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First-Time Startup Procedure
Posted by: Nick_Soapdish ()
Date: July 30, 2018 07:42PM

I'm finally getting real close to firing up my rebuilt engine for the first time. Aside from the standards (break-in oil; pre-running the oil pump; keeping the RPMs up), what are the recommended procedures for initial startup and run?

This is a pretty exciting stage, so it's easy for the ol' thinker to stop working and forget simple/obvious things...

Dylan
'62 95 Panel
Seattle, WA

Wagons and vans, just clap your hands.

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Re: First-Time Startup Procedure
Posted by: Lane66m ()
Date: July 30, 2018 07:49PM

The gurus will want to know type of rings, cylinders and pistons you have in the engine. It makes a difference.

Al Lane
Ellabell GA

1966 Monza Coupe, 110 hp, 4 Spd
1968 Camaro SS Coupe 350 CI 295+ HP PG
1964 Greenbrier Deluxe, 6 dr, 80 hp car engine, PG
2015 Chevrolet Malibu 2LT
2018 Chevrolet Silverado LTZ Z71 Centennial Edition
1947 Farmall A tractor 15 hp


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Re: First-Time Startup Procedure
Posted by: MattNall ()
Date: July 30, 2018 08:23PM

If new cam or lifters... hope you put special lube on them

Before starting take a Compression test to make sure you have an equal amount in each..+ or - 10 psi is OK... back out LOW cylinder's rocker nuts 1/4 turn CCW at a time and retest.

See our FAQ's on how to "Static time" the distributor


Then go for it!





MODERATOR
Sea Mountain, between Charleston Harbor and Coos Bay! SW Oregon Coast
Click HERE for My Website...Click HERE for My TechPages!
..............................110-PG.................................................Webered-Turbo

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Re: First-Time Startup Procedure
Posted by: Nick_Soapdish ()
Date: July 30, 2018 09:08PM

Lane66m Wrote:
-------------------------------------------------------
> The gurus will want to know type of rings,
> cylinders and pistons you have in the engine. It
> makes a difference.


- Cast iron rings
- .030-over cylinders
- Clarks "Premium Cast" pistons

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Re: First-Time Startup Procedure
Posted by: MattNall ()
Date: July 30, 2018 09:19PM

Nothing special with Cast iron





MODERATOR
Sea Mountain, between Charleston Harbor and Coos Bay! SW Oregon Coast
Click HERE for My Website...Click HERE for My TechPages!
..............................110-PG.................................................Webered-Turbo

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Re: First-Time Startup Procedure
Posted by: davemotohead ()
Date: July 30, 2018 09:36PM

As long as you did a proper cold valve adjustment there is no need to do a compression check before firing it up and in fact I would advise against it, does not matter what kind of pistons / rings or cylinders you have as that does not affect anything for the first start.
What you do want to make sure of is the carbs have fuel in them and a fuel supply to run the engine for 15-20 min at about 2000-2500 immediately when it first fires, also make sure the timing is set so it will fire, make sure the distributor is set to fire at TDC on #1 compression stroke, remember when the timing mark on the balancer or pulley is at 0, it is ready to fire on #1 or #2, so make sure when you install the distributor that its actually #1 ready to fire at 0 and not #2, once you are certain you are on #1 TDC ready to fire and the distributor is pointing at #1 on the distributor cap, you can move the crank to your desired timing, say 16, hook your timing light up and and energize the coil, point the light at your face and turn the distributor by hand and the light should flash in your face, do it a few times and you will see it flash, try to set your distributor where it flashes, that way you have initial timing advanced enough for it to fire right off when you hit the start button, once it fires you can then adjust it with the timing light. check for fuel and oil leaks when it first fires, have a oil pressure gauge in the idiot light switch and check the oil pressure when it first fires, I have Vids on you tube you can watch. thumbs up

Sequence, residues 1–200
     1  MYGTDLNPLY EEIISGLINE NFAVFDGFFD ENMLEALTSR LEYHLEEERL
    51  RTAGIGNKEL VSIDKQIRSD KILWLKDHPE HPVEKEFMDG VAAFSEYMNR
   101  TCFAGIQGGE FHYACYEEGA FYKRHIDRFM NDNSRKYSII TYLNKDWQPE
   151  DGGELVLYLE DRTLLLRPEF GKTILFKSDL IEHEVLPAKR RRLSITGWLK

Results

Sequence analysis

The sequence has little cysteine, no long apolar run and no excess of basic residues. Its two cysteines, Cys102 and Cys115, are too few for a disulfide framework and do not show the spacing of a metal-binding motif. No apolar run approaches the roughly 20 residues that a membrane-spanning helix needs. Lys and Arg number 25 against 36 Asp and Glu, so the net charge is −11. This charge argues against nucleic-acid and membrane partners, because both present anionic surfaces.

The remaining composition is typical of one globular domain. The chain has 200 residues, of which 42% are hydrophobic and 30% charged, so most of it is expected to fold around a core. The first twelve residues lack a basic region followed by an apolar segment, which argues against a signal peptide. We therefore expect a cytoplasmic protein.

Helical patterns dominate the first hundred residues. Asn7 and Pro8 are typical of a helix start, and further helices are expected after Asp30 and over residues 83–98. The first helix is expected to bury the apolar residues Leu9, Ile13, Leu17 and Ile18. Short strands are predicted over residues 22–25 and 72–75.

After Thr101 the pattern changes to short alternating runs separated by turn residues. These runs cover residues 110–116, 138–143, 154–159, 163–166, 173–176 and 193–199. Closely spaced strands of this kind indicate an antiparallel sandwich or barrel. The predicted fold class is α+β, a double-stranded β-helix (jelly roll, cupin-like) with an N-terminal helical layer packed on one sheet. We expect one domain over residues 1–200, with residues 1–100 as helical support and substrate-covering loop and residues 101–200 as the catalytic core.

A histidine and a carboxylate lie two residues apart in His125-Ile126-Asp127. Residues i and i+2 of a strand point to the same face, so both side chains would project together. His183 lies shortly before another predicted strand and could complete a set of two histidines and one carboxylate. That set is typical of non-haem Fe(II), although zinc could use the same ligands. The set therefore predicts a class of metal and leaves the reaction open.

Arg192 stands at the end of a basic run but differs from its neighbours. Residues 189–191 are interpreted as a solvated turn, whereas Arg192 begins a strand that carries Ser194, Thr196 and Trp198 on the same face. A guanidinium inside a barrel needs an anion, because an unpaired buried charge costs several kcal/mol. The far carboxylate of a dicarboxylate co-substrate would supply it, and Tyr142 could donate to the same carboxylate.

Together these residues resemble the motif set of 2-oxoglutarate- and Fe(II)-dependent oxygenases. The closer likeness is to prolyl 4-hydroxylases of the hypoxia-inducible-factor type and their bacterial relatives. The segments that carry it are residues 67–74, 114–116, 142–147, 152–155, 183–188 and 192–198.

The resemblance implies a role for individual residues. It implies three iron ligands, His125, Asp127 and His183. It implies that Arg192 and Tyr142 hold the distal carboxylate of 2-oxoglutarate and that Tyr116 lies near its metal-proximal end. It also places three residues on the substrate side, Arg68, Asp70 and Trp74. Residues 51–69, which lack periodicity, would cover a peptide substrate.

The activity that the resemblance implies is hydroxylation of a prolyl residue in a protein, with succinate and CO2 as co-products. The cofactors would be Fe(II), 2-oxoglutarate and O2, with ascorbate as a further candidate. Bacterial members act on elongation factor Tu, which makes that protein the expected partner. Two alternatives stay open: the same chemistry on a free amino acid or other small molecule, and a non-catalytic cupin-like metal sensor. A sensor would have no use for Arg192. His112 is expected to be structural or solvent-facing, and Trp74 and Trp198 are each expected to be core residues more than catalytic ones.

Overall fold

Email me at: Dave Motohead

1960 4dr sedan caveman car
1961 Rampside (Chetside)
1962 Rampside (Barnside)
1962 Short Rampside (Shortside)
1962 Monza 700 Wagon
1963 Monza 900 coup (General Nader)

-----------------------------------
Rust Free Lancaster Ca

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Re: First-Time Startup Procedure
Posted by: glivorsi ()
Date: July 31, 2018 08:19AM

Did Tonawanda do an initial break-in this way? I used to work with a guy that worked there in the early 2000's when they were making 60° V6's. He said they didn't test run engines before they shipped them. They just motored them over and ran a diagnostic of some sort.

Greg in Wildwood, MO (part of the St. Louis urban sprawl)

1965 Monza Vert 110PG, Crocus Yellow with black interior and top

2014 Honda Accord V6 (DD)
2017 Honda Pilot (wifemobile)
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Re: First-Time Startup Procedure
Posted by: CoCoCo ()
Date: August 03, 2018 12:15AM

In the 2000's they were all roller cams as far as I'm aware. Not the same break-in procedure as a flat-tappet cam.

And Nick, if it's possible I would have at least one extra set of eyes who's sole job at least for the first few minutes is to watch for things like oil leaks, fuel leaks, temperature gauges rising too far, checking ignition timing, etc.
Stuff like that is important, but easy to forget in the excitement of the first few minutes.

Don't worry about smoke out of the tailpipes for a couple of minutes anyway. Should not be a lot for very long though. I don't seem to remember any excessive smoking out of the Corvair engines on first fire-up, but some engines will.